Schumacher seals title as Belgian spa revives Formula One

After Hungary, Dr Ecclestone packed his ailing patients off to the Spa town of Francorchamps and administered the perfect restorative. Such was the mesmerising power of a race that featured six different leaders and three separate safety car periods that the sport perked up again. Kimi Raikkonen's brilliant win overshadowed Michael Schumacher's second which cemented his seventh world title.

After Hungary, Dr Ecclestone packed his ailing patients off to the Spa town of Francorchamps and administered the perfect restorative. Such was the mesmerising power of a race that featured six different leaders and three separate safety car periods that the sport perked up again. Kimi Raikkonen's brilliant win overshadowed Michael Schumacher's second which cemented his seventh world title.

From first-corner accidents that affected Jenson Button, Rubens Barrichello, Mark Webber, Felipe Massa and Nick Heidfeld, to another shunt a few hundred metres further down the road that eliminated Takuma Sato, Gianmaria Bruni and Giorgio Pantano, triggering the first safety car, and then to a brilliant move on lap five in which Juan Pablo Montoya went round the outside of Schumacher going into the Bus Stop chicane, this one had everything.

First there were the Renaults of polesitter Jarno Trulli and Fernando Alonso chasing one another, hounded by Raikkonen. But then Alonso rotated out of the race on his own oil on lap 12, and Trulli, having been shoved aside by Montoya at the Bus Stop in a slightly less well-judged move on lap 12, began a decline to ninth place in a car he described as "undriveable". That was all Raikkonen needed to put a full nelson on the race - until Button's dramatic departure on lap 29 brought out the safety car again on lap 30 and neutralised a 13-second lead Raikkonen had built over Schumacher. The Englishman had recovered brilliantly to fifth place after his early problem, but was sent spinning into Zsolt Baumgartner by a right-rear Michelin tyre failure. Something similar had already blown Coulthard's chances, and would later drop Montoya from third place in sight of the finish. "I felt that I had a problem on the rear and then the tyre let go," Button said. He holds third place in the drivers' championship, but his chances of catching Barrichello for second took a knock.

Now Schumacher found Raikkonen teaching him some new tricks before the safety car pulled in on lap 34. Halfway round, the Finn slowed things so much that Schumacher's Bridgestone tyres lost temperature and grip, and he was able to sprint away when the race resumed. It was a case of the biter bit. But having opened a gap again Raikkonen found the champion challenging him after three more laps. It was nip and tuck, until a recovering Coulthard misjudged things and walloped the back of Christian Klien's Jaguar, bringing out the safety car yet again on lap 39. This time the racing resumed on lap 41, and now Raikkonen got such a jump on Schumacher that the champion conceded on the final three laps.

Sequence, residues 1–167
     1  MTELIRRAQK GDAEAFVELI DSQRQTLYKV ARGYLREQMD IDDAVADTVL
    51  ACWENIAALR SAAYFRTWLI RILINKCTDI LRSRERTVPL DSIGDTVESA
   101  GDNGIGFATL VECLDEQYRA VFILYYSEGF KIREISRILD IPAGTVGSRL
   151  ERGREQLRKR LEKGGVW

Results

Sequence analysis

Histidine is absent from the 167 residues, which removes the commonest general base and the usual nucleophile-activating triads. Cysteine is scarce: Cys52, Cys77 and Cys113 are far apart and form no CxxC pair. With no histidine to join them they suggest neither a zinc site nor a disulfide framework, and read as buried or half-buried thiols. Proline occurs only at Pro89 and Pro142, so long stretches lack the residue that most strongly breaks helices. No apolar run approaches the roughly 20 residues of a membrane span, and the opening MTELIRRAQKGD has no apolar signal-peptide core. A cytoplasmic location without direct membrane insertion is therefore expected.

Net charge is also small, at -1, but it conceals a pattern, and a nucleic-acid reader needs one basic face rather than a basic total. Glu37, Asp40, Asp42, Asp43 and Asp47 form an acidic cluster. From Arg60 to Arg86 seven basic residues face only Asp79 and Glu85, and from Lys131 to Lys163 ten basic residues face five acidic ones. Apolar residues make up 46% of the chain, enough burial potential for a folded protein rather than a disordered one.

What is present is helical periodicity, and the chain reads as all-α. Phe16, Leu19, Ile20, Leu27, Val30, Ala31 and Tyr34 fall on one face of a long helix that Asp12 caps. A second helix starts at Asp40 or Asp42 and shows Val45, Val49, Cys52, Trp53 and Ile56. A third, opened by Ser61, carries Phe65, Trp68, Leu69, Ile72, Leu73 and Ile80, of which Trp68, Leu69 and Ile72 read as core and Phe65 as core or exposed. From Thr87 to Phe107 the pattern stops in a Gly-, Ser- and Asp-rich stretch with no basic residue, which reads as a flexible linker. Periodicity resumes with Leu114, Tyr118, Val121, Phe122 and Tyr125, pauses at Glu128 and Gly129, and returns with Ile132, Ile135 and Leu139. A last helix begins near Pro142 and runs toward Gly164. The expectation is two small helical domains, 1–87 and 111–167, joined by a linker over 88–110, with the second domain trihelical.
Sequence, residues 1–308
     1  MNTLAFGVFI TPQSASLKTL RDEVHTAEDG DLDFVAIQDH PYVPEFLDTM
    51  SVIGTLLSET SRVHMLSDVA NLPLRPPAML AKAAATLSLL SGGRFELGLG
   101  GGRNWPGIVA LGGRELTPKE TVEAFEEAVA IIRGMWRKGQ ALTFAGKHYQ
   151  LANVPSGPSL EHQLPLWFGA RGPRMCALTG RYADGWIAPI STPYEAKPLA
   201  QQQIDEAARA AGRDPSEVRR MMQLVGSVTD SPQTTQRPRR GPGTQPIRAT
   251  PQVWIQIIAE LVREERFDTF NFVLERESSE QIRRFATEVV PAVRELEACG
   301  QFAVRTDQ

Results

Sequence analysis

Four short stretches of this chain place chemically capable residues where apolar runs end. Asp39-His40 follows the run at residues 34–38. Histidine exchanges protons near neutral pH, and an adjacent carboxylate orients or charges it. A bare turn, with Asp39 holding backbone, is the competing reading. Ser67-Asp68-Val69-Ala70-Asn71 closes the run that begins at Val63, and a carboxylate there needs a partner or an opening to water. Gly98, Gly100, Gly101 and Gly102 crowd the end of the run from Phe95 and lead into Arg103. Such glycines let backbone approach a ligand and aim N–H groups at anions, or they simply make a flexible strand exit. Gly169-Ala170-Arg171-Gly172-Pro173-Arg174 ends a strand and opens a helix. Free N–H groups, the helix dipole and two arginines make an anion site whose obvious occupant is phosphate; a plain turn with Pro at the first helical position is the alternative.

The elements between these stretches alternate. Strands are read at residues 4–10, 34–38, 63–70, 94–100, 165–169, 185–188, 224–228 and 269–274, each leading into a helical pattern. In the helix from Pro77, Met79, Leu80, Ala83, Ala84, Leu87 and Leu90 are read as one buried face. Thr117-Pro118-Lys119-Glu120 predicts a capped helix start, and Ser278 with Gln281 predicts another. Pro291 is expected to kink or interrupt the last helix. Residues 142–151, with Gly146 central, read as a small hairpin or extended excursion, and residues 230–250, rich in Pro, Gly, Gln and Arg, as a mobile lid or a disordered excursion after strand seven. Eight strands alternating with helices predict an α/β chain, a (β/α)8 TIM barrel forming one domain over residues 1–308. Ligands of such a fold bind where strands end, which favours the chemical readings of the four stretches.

"I couldn't hope for a better result," said Raikkonen, who overcame gearshifting problems, sealed McLaren's return to respectability and ended Schumacher's seven-race winning streak. It was fitting that a proper racer won at this majestic circuit. If Hungary was to Formula One what Paula Radcliffe's performances were to British athletics, this was Kelly Holmes on the rampage.

The race was as kind to Barrichello and Massa as it was cruel to Antonia Pizzonia and Ricardo Zonta. The former was running third, ahead of BMW-Williams team-mate Montoya, when his gearbox failed on the 32nd lap. The latter was running fourth with three laps left when his Toyota suffered the team's only engine failure of the season. But his fellow Brazilians Barrichello and Massa made their own luck, as they led home Giancarlo Fisichella, Klien (his first points), Coulthard and Olivier Panis.

Schumacher was wistful. "I would have preferred to clinch the title with a win," he admitted, "but today we simply weren't strong enough at crucial moments." Now it just needs the teams and drivers to keep taking their medicine, and if the FIA could just arrange for all grands prix to be run on proper race tracks, Formula One really could take off again.

Belgian Grand Prix (Spa Francorchamp): 44 laps: 1 K Raikkonen (Fin) McLaren Mercedes 1hr 32min 35.274sec; 2 M Schumacher (Ger) Ferrari 01:32:38.406, 3 Rubens Barrichello (Br) Ferrari 01:32:39.645, 4 Felipe Massa (Br) Sauber-Petronas 01:32:47.778, 5 Giancarlo Fisichella (It) Sauber-Petronas 01:32:49.378, 6 Christian Klien (Aut) Jaguar 01:32:49.888, 7 David Coulthard (GB) McLaren-Mercedes 01:32:53.244, 8 Olivier Panis (Fr) Toyota 01:32:53.967, 9 Jarno Trulli (It) Renault 01:32:57.389, 10 Ricardo Zonta (Br) Toyota DNF 41 laps, 11 Nick Heidfeld (Ger) Jordan-Cosworth 40 laps, 12 Juan Montoya (Col) Williams-BMW DNF 37 laps, 13 Antonio Pizzonia (Br) Williams BMW DNF 31 laps, 14 Jenson Button (GB) BAR-Honda DNF 29 laps, 15 Zsolt Baumgartner (Hun) Minardi-Cosworth DNF 28 laps, 16 Fernando Alonso (Sp) Renault DNF 11 laps, 17 Giorgio Pantano (It) Jordan-Cosworth DNF 1 lap, 18 Gianmaria Bruni (It) Minardi-Cosworth DNF 1 lap, 19 Mark Webber (Aus) Jaguar DNF 1 lap, 20 Takuma Sato (Japan) BAR-Honda DNF 1 lap. Fastest Lap: Kimi Raikkonen (Fin) 1min 45.108secs, lap 42.

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